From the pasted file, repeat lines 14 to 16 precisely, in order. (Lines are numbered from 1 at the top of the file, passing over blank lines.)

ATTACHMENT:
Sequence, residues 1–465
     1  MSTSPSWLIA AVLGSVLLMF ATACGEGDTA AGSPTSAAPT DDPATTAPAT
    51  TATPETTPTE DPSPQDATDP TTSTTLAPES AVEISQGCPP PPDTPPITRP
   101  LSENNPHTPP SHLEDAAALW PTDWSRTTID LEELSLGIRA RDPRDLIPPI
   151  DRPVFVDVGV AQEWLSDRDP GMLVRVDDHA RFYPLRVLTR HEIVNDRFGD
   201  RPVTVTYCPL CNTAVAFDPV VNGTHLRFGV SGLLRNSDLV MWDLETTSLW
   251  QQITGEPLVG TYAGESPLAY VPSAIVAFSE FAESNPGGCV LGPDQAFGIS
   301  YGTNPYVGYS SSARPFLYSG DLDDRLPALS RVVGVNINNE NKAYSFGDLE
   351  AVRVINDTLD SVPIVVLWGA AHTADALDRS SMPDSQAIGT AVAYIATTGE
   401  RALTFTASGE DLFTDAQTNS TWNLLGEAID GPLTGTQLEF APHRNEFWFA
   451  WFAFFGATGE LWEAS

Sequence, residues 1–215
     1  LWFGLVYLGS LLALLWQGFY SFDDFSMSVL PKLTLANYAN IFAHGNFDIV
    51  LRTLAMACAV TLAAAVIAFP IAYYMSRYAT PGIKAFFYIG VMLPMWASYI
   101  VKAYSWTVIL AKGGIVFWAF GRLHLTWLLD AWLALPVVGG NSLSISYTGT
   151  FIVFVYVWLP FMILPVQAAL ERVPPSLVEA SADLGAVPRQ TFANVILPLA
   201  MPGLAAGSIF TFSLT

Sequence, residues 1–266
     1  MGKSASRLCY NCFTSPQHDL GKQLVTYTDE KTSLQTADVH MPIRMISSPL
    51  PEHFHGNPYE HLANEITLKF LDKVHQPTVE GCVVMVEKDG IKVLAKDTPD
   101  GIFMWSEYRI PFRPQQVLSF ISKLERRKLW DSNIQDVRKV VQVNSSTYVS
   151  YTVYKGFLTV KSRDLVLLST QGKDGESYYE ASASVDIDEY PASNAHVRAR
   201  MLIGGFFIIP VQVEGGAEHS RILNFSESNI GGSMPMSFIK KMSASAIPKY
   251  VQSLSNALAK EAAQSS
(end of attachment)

    51  LRTLAMACAV TLAAAVIAFP IAYYMSRYAT PGIKAFFYIG VMLPMWASYI
   101  VKAYSWTVIL AKGGIVFWAF GRLHLTWLLD AWLALPVVGG NSLSISYTGT
   151  FIVFVYVWLP FMILPVQAAL ERVPPSLVEA SADLGAVPRQ TFANVILPLA